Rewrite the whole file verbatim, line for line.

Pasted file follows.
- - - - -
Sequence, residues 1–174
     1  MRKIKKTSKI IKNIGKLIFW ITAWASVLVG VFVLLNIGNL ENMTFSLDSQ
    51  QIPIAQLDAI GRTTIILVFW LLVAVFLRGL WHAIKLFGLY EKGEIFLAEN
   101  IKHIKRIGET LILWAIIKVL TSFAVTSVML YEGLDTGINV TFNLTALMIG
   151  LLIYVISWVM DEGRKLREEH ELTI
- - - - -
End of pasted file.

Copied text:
Sequence, residues 1–174
     1  MRKIKKTSKI IKNIGKLIFW ITAWASVLVG VFVLLNIGNL ENMTFSLDSQ
    51  QIPIAQLDAI GRTTIILVFW LLVAVFLRGL WHAIKLFGLY EKGEIFLAEN
   101  IKHIKRIGET LILWAIIKVL TSFAVTSVML YEGLDTGINV TFNLTALMIG
   151  LLIYVISWVM DEGRKLREEH ELTI